What Is a Mastectomy?

What to expect when undergoing this surgery

A mastectomy is a surgery to remove a breast. Most mastectomies are performed on women with breast cancer, but the procedure can be performed on men with the disease as well. Mastectomy is also done cosmetically for some men who have a condition called gynecomastia, which causes their breast tissue to become overdeveloped.

When both breasts are removed, it's called a bilateral mastectomy. Some women who are extremely high risk for breast cancer have bilateral mastectomies to lower their chance of developing the disease. This is called a prophylactic bilateral mastectomy.


Purpose of Surgery

A mastectomy is performed not just to remove a cancerous tumor in a breast, but to eliminate most or all of the breast tissue due to the possibility that cancer cells may have invaded those tissues. That can lead to a recurrence of cancer, so getting rid of the entire breast is often the safest option.

While some women may be able to have a lumpectomy, which preserves a portion of the breast, mastectomy is almost always the appropriate choice for men with breast cancer because male breasts typically contain much less tissue.

Types of Mastectomies

Several types of mastectomies exist. Nipple- and skin-sparing techniques can be used in combination with most of them, if you're a candidate.

The decision about which type of mastectomy is best for you should be made by a team including the surgeon, your oncologist, and the plastic surgeon who's handling breast reconstruction, if that's something you've chosen.

Your emotional needs should also be considered; however, try to keep in mind that the location and severity of your cancer may take certain options off the table.

  • Simple mastectomy: In a simple mastectomy, also called a total mastectomy, the surgeon removes the entire breast that contains the tumor. The term traditional total mastectomy means the areola and nipple are removed as well. You may be able to have your surgeon use nipple-sparing techniques, so you'll have your natural nipple after reconstruction. The muscle beneath the breast is left intact.
  • Modified radical mastectomy: Sometimes, a simple mastectomy is combined with a procedure that removes lymph nodes from under the arm. In that case, it's called a modified radical mastectomy. It, too, is sometimes done using nipple-sparing techniques.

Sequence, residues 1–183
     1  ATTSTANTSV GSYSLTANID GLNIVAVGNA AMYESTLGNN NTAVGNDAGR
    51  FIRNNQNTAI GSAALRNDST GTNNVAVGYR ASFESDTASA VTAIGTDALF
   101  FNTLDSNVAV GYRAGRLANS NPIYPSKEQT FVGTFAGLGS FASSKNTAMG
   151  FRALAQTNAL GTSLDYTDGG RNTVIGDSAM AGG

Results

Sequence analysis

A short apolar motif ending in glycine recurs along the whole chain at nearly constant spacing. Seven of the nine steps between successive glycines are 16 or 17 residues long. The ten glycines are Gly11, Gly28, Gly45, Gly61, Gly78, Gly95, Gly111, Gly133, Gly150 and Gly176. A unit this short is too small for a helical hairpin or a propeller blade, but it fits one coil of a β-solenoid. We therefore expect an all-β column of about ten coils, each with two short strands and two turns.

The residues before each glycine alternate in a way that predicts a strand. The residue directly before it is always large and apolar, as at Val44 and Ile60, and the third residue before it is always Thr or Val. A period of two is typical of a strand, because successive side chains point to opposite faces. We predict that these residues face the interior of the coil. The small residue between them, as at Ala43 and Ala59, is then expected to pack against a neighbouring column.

• Radical mastectomy: Also called a Halsted mastectomy, this surgery involves removal of all tissues in the affected breast, all of the lymph nodes under the arm on the same side, plus the muscle under the breast. The only thing left is the skin needed to close the incision is left.

Radical mastectomy used to be standard. But thanks to the development of less extreme, while still effective, procedures, it's now only used for advanced cases in which cancer has invaded the muscle wall.

Risks and Contraindications

Risks of mastectomy include:

  • Bleeding
  • Infection
  • Pain
  • Swelling in the arm (lymphedema)
  • Scar tissue formation at the surgical site
  • Fluid collecting under the scar, which may need to be drained
  • Numbness along the incision
  • Shoulder pain, stiffness, or numbness under the arm (if lymph nodes are removed)

Your surgeon should talk to you about which side effects are worrisome and warrant calling or getting medical attention right away.

Having one or both breasts removed may also lead to depression. Talk to your doctor if this is a problem for you.

Mastectomy is not recommended for people with metastatic breast cancer or those who can't tolerate general anesthesia.

Generally speaking, if your cancer is less than 2 centimeters away from the nipple, area, and skin that is to be saved, you are not a candidate for nipple/skin-saving techniques.

Before Surgery

If you're hoping to have breast reconstruction surgery, you and your doctor will need to make some decisions before your mastectomy.

You'll also need to decide when reconstruction will be done. It's sometimes performed immediately after the mastectomy, but other times it's done later.

Your hospital may have you come in for a pre-surgical appointment, during which you'll sign forms and be familiarized with the facility and procedures. If not, be sure you arrive early enough to take care of these things before the scheduled time for your surgery.

Ask about any medications or supplements you take and whether you'll need to stop taking them prior to surgery (and if so, when).

Also, ask about shaving; your doctor may want you to stop shaving your armpits.

Breast Cancer Discussion Guide

Get our printable guide for your next doctor's appointment to help you ask the right questions.